Last Fukushima wastewater inspection looms before discharge into sea

27 Jun 2023 05:44pm
Picture for illustrative purposes - FILE PIX
Picture for illustrative purposes - FILE PIX
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TOKYO Japan - Japan's nuclear regulator will soon carry out a final inspection before releasing huge amounts of treated and diluted nuclear wastewater from the crippled Fukushima plant into the sea, a process that is expected to last for decades, reported German news agency (dpa).

Examinations of the new facilities that were constructed to carry out the discharge are set to be conducted on Wednesday, Japanese media reported.

The water, currently stored in about 1,000 huge tanks, will be filtered and diluted before being released through an underwater tunnel that extends a kilometre into the sea.

A trial run with fresh water will be completed before the inspections by experts with the Nuclear Regulation Authority begin.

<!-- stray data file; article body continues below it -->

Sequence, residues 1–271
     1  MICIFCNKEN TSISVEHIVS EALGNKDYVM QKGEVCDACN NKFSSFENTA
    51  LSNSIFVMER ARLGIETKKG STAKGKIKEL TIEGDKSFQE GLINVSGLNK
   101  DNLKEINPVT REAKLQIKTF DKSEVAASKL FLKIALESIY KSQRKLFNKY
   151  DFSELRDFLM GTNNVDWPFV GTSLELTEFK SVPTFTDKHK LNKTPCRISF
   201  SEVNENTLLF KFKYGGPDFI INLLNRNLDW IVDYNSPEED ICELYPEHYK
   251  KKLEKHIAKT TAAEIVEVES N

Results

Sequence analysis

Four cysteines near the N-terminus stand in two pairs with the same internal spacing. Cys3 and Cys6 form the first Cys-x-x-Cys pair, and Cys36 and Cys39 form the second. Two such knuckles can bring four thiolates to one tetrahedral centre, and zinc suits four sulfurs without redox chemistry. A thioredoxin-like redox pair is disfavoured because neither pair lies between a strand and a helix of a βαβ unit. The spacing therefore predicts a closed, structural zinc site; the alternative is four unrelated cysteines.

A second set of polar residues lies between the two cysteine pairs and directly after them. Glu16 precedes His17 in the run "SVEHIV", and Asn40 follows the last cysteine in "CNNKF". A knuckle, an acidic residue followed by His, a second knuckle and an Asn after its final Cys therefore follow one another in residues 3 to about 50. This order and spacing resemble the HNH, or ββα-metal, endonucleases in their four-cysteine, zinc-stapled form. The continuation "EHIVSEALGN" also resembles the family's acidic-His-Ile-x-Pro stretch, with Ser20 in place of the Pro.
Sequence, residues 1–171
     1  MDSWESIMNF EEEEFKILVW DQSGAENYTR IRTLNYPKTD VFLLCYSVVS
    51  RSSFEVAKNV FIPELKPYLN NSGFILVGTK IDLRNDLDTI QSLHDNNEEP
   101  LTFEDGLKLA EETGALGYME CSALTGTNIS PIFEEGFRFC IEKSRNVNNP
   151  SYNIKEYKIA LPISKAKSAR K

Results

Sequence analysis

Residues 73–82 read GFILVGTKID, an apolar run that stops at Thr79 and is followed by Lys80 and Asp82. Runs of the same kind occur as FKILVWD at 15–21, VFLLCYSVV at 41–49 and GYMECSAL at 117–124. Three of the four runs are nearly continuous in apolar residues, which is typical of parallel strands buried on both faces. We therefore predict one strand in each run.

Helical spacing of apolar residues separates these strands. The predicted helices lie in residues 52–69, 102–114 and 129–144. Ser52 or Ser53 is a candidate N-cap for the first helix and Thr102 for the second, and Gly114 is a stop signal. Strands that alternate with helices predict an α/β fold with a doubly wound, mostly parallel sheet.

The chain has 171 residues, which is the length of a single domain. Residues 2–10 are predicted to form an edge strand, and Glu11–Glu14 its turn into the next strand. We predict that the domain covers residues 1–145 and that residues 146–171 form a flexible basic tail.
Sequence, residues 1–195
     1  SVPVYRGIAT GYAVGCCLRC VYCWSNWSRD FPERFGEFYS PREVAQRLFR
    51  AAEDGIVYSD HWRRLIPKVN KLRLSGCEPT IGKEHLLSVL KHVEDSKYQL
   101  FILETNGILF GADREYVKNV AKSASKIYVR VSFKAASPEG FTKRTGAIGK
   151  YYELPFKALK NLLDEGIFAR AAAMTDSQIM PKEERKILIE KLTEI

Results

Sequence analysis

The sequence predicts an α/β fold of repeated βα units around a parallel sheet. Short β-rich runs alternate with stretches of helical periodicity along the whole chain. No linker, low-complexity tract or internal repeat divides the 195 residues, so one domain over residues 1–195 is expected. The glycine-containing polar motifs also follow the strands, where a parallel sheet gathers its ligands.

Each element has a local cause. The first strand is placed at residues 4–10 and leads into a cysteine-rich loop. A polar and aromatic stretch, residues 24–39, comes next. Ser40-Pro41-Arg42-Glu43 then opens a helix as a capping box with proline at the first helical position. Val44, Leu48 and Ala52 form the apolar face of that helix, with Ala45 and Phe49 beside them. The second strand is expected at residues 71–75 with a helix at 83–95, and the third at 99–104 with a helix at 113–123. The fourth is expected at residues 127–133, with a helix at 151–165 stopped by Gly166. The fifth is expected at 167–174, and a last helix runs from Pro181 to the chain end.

Opposition to the discharge continues from local fishermen who fear the public will not want to consume their hauls, destroying their livelihoods.

The government will make a final decision on the release of the water after the nuclear authority completes its inspection and the International Atomic Energy Agency (IAEA) has submitted its final report on the safety of the controversial venture.

On March 11, 2011, a tsunami triggered by a huge earthquake rammed into the Japanese coast, leading to thousands of deaths and a meltdown at the Fukushima Daiichi nuclear power plant.

Even 12 years on, water is needed to cool the reactors that were destroyed. The water has been stored in hundreds of huge tanks.

But knowing that the storage capacity was finite, plans were made to filter the contaminated water, then dilute it and discharge it into the Pacific Ocean.
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The process cannot remove the radioactive substance tritium. Nuclear experts in Japan and at the UN say there is no danger because the diluted wastewater will only contain a trace amount that is not harmful to humans - BERNAMA

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